Andrew Olson works at a McDonald's here, making about $8.60 an hour while his fiancee earns minimum wage at a nearby Dollar Tree.
Their salaries are so meager, he says, that they rely on food stamps and Medicaid to get by.
"The taxpayers shouldn't have to pay for what we need to survive," said the 25-year-old Olson, who plans on taking part in the "Fight for 15" march for an increased minimum wage Wednesday in Denver. "It should be between employees and companies to determine a living wage."
Fast-food workers and other low-wage earners staged protests nationwide Wednesday. In Chicago, demonstrators carried signs reading "We are worth more!" while in New York, dozens of protesters staged a "die-in," lying on the ground in front of a McDonald's. Some New York protesters carried signs too: "WE SEE WAGE SLAVERY" and "WE WORK HARD."
As the ranks of service jobs swell and incomes stagnate, increasing numbers of minimum wage earners are unable to make ends meet without government assistance, a situation labor advocates say poses an undue burden to both employees and taxpayers.
A study released Monday from the UC Berkeley Center for Labor Research and Education, funded by the Service Employees International Union, reported 56% of all state and federal public assistance programs now go to working families. That adds up to $153 billion a year, including $25 billion in state funding.
"When companies pay too little for workers to provide for their families, workers rely on public assistance programs to meet their basic needs," said Ken Jacobs, chairman of the center and coauthor of the report, in a prepared statement. "This creates significant cost to the states."
At least one state is looking to address those costs through legislation.
A bill winding through the Connecticut General Assembly would require companies with more than 250 workers to pay a fee to the state for every employee not earning at least $15 an hour. The legislation, sponsored by Democratic State Rep. Peter Tercyak, is estimated to generate $171 million in revenue its first year and $341 million after that.
"We are providing all kinds of services that these employees qualify for because they are paid so little," Tercyak said. "We have actually found some of these companies steering their employees to these state services."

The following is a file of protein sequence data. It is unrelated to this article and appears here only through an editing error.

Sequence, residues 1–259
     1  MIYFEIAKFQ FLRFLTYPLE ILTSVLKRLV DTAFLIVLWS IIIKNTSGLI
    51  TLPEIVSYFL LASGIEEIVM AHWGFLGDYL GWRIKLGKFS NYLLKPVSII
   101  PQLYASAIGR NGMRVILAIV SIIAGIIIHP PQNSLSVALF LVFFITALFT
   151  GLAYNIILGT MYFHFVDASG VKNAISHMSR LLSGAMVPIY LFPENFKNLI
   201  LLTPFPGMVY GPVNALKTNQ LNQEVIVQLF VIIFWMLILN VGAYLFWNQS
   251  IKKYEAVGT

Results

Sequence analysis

In Colorado, there are rumblings of such a "McWalmart" bill aimed at addressing what some call corporate "free-riding" on the backs of taxpayers.
"There is a high level of chatter about it," said Tim Hoover, director of communications for the Colorado Fiscal Institute, a left-leaning think tank. "Something is likely to materialize but we have no idea when."
This week's UC Berkeley study underscores the costs states absorb to support low-wage earners. According to the study, California spends $3.7 billion, New York $3.3 billion and Texas $2 billion on public assistance programs to, among others, fast-food employees, child- and home-care workers and part-time college faculty.
Last week the Colorado Fiscal Institute said 600,000 Colorado employees, or a quarter of the state workforce, earn less than $12 an hour. As a result, taxpayers ante up about $304 million a year to cover their healthcare costs.
"We have always known that high numbers of working people were on public assistance but what we found out was staggering," Hoover said. "It's clear these big employers are shifting their costs to the taxpayers."
Fixing the problem won't be easy. There are few bolder fault lines between Republicans and Democrats than their perceptions of income inequality, and those lines are growing starker as presidential candidates stake out their positions. Democrats blame an inherent unfairness in the economy for the wage gap, while the GOP cites high taxation and onerous regulations.
But while politicians posture, states are beginning to take up the issue themselves.
Colorado, Maine, California, Oregon and Washington are all considering increasing their minimum wage to $12 an hour.
Then there's the McWalmart bill.
If such legislation became law in Connecticut, Colorado and elsewhere, would it be a good idea? Some say a dramatic increase in minimum wage would result in companies hiring far fewer workers, causing greater unemployment. In that case, the government would wind up subsidizing even more people.
"It's not the job of a business to pay everyone who works there a socially determined income," said Michael Strain, deputy director of economic policy studies at the conservative American Enterprise Institute. "If McDonald's paid the cashier $30,000 a year, they would be losing a lot of money on their employees."
Strain said the tensions are understandable in a society where wages for most have barely budged while salaries for those at the top keep rising.
"The question isn't if the concern is unreasonable, it's how to address it," he said. "It's in the best interests of society for labor markets to get paid roughly for what they bring in. If you're a brain surgeon and making money for your hospital you should make more money than the person working in the hospital cafeteria."
Perhaps, but for Andrew Olson, that's a bit academic. He found himself on the low-wage treadmill when he realized he couldn't afford college and now wonders whether he can ever get off. He'll soon be getting a small raise but says it's unlikely to make much of a difference.
"Just because I work in fast food does that mean I should have to just scrape by in life?" he asked.